With facts and figures solidifying their arguments, filmmakers illustrate the symbolism and importance of the USWNT’s lawsuit. This is especially so in a time when misogyny, a conservative political tactic (“feminazis displace men”) holds sway as a right-wing, “cancel culture” message. Initially, the women asked for $67 million, while USSF asked for the suit to be dismissed.
Under-girding the team’s worthiness, the Fines emphasize that USWNT remains the most successful in all of international women’s soccer. They won four Women’s World Cup titles (1991, 1999, 2015, and 2019). Additionally, they won four Olympic gold medals (1996, 2004, 2008, and 2012). For the coup de gras, they took home eight CONCACAF Gold Cups.
Yet, the men’s teams reap the rewards and perks despite their dismal record and fans’ lack of interest.. FIFA awarded a total of $400 million in prize money for the participants of the 2018 Men’s World Cup in Russia, including $38 million to champion France. It awarded $30 million for the 24 nations at the 2019 Women’s World Cup in France, including $4 million for the USWNT after winning the tournament. FIFA President Gianni Infantino has proposed FIFA double the women’s prize money for the next competition in two year’s time. Still, the pay would be grossly under the amounts offered the men’s teams.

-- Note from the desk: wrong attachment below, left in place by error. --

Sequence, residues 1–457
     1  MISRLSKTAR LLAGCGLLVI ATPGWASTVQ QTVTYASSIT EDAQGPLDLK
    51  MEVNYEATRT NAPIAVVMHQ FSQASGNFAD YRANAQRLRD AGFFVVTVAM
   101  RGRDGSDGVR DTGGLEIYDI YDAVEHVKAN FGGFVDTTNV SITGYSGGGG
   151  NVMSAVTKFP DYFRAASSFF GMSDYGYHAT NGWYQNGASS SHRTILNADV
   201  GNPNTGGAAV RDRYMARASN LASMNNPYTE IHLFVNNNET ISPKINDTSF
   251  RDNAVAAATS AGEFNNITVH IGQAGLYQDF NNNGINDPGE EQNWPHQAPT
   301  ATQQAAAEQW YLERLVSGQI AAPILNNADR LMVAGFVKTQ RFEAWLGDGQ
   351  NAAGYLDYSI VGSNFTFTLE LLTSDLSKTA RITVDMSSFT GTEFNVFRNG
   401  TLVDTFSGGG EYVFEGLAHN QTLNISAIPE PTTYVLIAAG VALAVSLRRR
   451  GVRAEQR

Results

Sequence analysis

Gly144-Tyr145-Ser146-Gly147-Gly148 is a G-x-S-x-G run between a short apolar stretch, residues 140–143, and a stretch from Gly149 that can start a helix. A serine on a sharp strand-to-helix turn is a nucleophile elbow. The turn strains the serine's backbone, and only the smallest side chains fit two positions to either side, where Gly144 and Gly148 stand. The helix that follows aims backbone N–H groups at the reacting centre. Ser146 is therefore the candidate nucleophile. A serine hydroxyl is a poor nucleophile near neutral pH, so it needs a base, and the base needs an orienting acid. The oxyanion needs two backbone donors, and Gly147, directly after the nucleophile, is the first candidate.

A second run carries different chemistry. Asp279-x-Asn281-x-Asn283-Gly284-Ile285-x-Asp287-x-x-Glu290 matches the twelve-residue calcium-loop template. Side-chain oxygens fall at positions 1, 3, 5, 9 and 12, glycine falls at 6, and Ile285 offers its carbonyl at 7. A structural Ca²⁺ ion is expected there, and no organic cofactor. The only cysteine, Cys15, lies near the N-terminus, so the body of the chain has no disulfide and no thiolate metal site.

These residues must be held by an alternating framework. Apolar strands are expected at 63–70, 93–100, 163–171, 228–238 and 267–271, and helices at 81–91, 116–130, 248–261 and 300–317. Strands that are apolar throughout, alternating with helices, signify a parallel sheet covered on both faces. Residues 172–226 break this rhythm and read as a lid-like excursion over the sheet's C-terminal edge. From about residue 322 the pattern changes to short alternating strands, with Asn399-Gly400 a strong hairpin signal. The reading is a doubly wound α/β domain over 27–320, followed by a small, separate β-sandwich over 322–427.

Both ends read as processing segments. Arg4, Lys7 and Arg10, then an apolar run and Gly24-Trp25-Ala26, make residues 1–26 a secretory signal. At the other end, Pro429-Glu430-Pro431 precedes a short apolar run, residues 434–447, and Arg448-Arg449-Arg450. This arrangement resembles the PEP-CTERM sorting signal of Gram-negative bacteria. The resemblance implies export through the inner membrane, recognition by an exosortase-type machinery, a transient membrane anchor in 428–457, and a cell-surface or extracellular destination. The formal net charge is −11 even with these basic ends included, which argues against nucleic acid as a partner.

As filmmakers indicate, fans overwhelmingly support the women’s team’s lawsuit globally. To publicize both sides of the case, the Fines reveal how the U.S. Soccer Federation’s flimsy arguments nevertheless cloud the issues of parity.
Ironically, USSF does this using gender to argue its side. For example, they claim that women are not as strong as men and lack men’s skills. Thus, women don’t put forth a man’s effort and shouldn’t have equal pay. According to the USSF, women’s inferior bodies inherently establish inequality. Thus, women deserve less money.
Additionally, District Court Judge Klausner created a Catch-22, then ruled against the USWST. Because the women accepted the union negotiated pay structure, the judge argued they made more money than the men. Speciously, the argument suggests a damned if you do, damned if you don’t approach. In order to play, the women had to accept the USSF’s unequal pay structure. Unfairly, women could take it or leave it. Then the judge ruled that the women received more money then the men and dismissed the case.